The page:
Zika Virus

RSV
Humabs has discovered and optimized a highly potent antibody to develop to neutralize the Zika virus, which has become a growing global health issue.
The Zika virus belongs to the class of viruses called flaviviruses, which also includes the Dengue and West Nile viruses. The Zika virus is spread by mosquitoes and has reached large parts of the tropical and subtropical regions of the world, including parts of the United States.
The World Health Organization (WHO) declared in early 2016 a state of Public Health Emergency of International Concern (PHEIC) and predicted that 3-4 million people would become infected annually, 1.5 million of these in Brazil alone. While the symptoms of Zika infection can be absent or generally mild, the virus appears to invade the neural tissue of the fetus, leading in up to 13% of cases to microcephaly and other neural defects in offspring. The virus can also be spread by bodily fluids, including semen, and can therefore also be sexually transmitted. When patients have had prior exposure to another flavivirus, such as Dengue virus, they could be exposed to a risk of a disease enhancement effect, which may lead to much more serious disease symptoms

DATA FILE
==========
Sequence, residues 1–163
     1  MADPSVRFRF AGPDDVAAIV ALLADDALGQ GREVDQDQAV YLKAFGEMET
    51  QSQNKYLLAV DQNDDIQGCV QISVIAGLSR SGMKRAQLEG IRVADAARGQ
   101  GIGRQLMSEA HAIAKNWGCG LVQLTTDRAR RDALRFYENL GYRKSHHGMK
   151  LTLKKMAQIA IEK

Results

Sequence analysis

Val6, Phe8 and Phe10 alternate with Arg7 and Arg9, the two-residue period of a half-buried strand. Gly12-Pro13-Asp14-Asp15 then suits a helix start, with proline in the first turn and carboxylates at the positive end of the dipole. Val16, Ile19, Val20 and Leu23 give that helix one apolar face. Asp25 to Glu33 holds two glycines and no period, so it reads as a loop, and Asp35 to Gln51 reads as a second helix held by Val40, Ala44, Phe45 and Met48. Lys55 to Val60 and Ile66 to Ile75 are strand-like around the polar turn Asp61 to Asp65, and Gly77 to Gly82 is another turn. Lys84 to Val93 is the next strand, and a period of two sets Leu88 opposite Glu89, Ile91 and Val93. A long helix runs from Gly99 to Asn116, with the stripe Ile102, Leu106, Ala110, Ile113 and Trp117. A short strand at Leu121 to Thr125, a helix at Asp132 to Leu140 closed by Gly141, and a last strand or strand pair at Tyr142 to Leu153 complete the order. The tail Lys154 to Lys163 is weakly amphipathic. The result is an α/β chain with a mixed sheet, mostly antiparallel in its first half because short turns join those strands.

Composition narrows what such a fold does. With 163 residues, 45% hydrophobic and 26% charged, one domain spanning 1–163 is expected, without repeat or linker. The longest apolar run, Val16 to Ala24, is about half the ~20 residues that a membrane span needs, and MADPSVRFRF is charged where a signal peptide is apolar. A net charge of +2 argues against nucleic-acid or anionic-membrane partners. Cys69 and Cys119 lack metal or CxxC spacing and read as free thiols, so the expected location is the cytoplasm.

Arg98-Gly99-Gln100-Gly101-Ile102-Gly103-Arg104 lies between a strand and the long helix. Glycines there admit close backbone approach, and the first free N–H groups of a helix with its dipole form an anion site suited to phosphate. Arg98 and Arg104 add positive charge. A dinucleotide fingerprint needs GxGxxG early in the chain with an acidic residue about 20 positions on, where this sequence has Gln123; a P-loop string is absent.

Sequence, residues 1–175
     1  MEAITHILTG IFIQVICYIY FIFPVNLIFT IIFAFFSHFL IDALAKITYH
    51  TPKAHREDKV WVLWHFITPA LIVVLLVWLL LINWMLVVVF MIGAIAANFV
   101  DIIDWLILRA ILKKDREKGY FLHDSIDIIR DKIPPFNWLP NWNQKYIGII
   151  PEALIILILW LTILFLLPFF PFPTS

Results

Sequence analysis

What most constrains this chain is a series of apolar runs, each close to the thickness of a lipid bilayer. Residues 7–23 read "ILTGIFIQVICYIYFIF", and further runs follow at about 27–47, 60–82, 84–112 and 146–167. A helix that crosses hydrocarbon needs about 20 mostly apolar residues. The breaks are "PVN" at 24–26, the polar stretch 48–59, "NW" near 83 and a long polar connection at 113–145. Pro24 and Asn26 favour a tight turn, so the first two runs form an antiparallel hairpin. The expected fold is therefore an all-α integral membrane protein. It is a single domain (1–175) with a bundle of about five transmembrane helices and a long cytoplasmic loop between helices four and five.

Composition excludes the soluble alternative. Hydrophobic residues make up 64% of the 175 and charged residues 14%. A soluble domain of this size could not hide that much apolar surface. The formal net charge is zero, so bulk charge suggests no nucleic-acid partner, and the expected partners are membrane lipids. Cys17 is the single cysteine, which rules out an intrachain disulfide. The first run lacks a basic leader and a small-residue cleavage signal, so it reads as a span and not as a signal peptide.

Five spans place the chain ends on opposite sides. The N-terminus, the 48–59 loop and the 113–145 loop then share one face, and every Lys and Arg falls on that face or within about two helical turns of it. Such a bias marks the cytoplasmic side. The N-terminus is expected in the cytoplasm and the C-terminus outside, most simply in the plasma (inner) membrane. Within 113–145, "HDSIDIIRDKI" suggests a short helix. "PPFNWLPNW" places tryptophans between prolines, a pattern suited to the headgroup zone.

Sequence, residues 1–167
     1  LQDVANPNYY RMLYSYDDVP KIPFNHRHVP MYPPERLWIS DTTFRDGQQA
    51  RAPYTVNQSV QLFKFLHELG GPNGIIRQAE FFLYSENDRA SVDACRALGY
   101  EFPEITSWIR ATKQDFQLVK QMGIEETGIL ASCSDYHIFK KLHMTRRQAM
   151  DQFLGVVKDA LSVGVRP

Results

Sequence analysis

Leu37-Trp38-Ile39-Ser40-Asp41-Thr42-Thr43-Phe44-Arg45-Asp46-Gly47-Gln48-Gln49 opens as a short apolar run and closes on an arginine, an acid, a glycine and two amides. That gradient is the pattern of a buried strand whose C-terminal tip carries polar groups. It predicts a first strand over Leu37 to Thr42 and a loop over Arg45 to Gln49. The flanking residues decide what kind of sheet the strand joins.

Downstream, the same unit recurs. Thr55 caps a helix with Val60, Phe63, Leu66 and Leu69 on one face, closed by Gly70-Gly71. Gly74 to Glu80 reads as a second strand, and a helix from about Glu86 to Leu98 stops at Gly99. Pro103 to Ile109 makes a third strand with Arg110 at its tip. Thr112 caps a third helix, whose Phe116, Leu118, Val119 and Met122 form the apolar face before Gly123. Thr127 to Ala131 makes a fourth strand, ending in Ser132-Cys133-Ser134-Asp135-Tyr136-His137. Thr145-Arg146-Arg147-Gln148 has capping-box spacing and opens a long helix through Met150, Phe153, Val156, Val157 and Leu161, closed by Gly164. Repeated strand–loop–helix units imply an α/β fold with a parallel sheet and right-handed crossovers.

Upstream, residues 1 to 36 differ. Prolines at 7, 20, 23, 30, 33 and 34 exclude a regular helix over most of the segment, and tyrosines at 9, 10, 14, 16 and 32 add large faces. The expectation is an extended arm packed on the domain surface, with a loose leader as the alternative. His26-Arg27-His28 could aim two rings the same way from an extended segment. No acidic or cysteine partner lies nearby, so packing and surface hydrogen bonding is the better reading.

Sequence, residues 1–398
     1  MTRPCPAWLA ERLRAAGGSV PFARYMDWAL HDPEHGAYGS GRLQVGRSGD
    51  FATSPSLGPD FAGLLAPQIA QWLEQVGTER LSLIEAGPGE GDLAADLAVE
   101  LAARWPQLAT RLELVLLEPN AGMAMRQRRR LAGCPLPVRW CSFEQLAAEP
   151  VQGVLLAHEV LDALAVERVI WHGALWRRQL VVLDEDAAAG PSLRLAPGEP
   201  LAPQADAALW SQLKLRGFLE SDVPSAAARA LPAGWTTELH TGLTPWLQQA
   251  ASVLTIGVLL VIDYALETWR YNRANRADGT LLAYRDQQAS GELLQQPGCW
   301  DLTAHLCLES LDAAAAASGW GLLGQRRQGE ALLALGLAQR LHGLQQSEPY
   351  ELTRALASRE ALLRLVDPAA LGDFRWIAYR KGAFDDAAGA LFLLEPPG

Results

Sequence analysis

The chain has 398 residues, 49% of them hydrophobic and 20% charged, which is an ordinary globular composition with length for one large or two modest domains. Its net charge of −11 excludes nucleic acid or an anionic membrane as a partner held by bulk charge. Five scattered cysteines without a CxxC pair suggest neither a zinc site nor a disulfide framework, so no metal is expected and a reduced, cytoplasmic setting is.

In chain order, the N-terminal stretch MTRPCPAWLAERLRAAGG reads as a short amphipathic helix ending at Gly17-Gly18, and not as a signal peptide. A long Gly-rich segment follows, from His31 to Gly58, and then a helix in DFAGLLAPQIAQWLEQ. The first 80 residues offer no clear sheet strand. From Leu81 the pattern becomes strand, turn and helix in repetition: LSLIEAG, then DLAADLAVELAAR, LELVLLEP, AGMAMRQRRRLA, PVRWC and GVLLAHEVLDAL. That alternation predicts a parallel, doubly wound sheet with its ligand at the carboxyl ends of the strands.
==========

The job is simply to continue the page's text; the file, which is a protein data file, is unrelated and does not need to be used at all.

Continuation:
While attempts have been made to reduce the spread of the virus by spraying with insecticides, there are currently no vaccines or treatments against Zika, and the WHO has declared a need for a long-term approach to combatting this infection. Thus, there is an urgent need to develop therapies to treat this rapidly spreading disease.
Humabs has discovered a highly potent antibody – ZKA190 – which neutralizes Zika virus in vitro in the ng/ml range and that prevents lethal disease in animals when given at doses as low as 0.2 mg/kg. ZKA190 was engineered to prevent a potential disease enhancement effect and to potentially block or reduce the transfer through the placenta. Data pertaining to this antibody have been published in the journal, Science.